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Sources of mathematical thinking: behavioral and brain-imaging evidence.

Science (New York, N.Y.) | May 7, 1999

http://www.ncbi.nlm.nih.gov/pubmed/10320379

Does the human capacity for mathematical intuition depend on linguistic competence or on visuo-spatial representations? A series of behavioral and brain-imaging experiments provides evidence for both sources. Exact arithmetic is acquired in a language-specific format, transfers poorly to a different language or to novel facts, and recruits networks involved in word-association processes. In contrast, approximate arithmetic shows language independence, relies on a sense of numerical magnitudes, and recruits bilateral areas of the parietal lobes involved in visuo-spatial processing. Mathematical intuition may emerge from the interplay of these brain systems.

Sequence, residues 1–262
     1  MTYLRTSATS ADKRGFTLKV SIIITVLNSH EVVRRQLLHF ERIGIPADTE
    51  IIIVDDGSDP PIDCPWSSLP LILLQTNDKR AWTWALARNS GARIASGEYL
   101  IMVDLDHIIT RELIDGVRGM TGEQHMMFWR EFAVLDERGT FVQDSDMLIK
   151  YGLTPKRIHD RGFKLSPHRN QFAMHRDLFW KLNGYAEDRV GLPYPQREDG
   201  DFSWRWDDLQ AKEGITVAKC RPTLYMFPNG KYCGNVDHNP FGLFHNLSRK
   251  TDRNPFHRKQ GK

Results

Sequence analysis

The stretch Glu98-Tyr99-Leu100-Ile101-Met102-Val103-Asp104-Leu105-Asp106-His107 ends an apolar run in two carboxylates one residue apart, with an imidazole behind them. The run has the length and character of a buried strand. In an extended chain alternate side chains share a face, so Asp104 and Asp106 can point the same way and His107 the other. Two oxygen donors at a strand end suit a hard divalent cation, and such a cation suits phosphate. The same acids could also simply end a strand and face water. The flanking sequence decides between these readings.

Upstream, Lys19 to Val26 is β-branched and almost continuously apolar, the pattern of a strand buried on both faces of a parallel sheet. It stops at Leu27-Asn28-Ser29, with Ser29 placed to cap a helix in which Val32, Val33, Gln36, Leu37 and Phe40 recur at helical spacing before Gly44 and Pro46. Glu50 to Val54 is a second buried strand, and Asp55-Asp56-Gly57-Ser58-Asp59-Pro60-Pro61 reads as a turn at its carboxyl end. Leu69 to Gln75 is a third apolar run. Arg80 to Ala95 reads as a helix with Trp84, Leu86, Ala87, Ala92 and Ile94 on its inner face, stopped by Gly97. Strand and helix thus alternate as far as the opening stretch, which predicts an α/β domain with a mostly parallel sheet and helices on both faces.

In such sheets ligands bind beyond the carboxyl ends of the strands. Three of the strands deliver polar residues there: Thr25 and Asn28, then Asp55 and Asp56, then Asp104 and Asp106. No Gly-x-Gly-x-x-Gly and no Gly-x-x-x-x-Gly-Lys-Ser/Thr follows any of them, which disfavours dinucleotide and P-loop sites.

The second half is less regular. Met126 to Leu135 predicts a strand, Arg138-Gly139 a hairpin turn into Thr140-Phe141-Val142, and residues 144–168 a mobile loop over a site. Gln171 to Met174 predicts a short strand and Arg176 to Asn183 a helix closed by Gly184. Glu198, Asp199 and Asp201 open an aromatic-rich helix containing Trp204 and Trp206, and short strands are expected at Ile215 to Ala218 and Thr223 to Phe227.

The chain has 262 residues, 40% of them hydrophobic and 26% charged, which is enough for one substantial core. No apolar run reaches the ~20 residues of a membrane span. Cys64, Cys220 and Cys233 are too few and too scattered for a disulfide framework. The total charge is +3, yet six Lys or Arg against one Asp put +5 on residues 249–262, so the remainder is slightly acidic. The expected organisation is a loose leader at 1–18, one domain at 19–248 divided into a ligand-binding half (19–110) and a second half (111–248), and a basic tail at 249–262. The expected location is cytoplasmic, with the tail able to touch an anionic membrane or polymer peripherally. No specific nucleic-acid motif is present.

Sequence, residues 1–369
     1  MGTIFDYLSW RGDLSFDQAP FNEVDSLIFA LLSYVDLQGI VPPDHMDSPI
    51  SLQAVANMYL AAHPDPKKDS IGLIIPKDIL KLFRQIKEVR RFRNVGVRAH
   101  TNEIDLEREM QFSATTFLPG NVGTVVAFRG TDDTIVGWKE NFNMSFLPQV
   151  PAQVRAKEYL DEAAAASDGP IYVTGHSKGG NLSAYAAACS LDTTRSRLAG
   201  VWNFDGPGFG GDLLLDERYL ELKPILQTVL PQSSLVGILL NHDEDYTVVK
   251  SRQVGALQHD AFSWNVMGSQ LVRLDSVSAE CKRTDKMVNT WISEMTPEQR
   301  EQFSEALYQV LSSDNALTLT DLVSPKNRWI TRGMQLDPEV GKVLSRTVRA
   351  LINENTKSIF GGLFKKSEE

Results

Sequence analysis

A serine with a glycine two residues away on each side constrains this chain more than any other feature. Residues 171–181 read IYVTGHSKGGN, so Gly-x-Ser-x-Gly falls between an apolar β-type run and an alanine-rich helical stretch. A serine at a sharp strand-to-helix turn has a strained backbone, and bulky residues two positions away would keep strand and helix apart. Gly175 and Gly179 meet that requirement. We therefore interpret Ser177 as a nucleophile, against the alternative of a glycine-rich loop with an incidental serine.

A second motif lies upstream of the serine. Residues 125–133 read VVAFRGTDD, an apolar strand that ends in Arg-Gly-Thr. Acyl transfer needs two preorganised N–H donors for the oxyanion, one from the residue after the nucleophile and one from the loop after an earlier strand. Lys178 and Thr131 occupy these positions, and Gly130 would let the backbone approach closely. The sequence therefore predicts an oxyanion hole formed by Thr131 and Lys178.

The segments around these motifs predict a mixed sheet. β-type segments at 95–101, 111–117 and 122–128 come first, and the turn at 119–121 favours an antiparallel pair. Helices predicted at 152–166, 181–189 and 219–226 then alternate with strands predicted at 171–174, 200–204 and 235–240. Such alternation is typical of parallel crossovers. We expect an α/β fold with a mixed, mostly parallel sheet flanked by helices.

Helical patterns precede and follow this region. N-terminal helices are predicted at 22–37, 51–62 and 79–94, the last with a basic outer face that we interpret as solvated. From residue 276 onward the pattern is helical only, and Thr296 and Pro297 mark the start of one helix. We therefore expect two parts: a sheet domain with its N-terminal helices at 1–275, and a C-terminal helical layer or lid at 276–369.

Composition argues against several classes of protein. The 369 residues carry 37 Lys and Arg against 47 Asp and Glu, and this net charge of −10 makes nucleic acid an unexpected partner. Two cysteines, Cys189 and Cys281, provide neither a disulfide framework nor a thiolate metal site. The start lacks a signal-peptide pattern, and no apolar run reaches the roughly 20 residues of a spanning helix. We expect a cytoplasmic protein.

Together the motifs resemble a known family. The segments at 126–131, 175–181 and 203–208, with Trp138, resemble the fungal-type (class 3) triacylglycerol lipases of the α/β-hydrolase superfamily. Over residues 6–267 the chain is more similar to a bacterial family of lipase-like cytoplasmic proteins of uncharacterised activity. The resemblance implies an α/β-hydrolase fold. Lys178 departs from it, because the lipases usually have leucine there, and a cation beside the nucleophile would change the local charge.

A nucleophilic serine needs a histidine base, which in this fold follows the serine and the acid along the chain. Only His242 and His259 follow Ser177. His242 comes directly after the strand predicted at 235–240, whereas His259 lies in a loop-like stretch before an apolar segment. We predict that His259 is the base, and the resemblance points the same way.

Pubmed ID: 10320379 RIS Download

Mesh terms: Adult | Brain Mapping | Evoked Potentials | Female | Frontal Lobe | Humans | Intuition | Language | Magnetic Resonance Imaging | Male | Mathematics | Parietal Lobe | Thinking

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Associated grants

  • Agency: NICHD NIH HHS, Id: HD23103

SumsDB (Data, Activation Foci)

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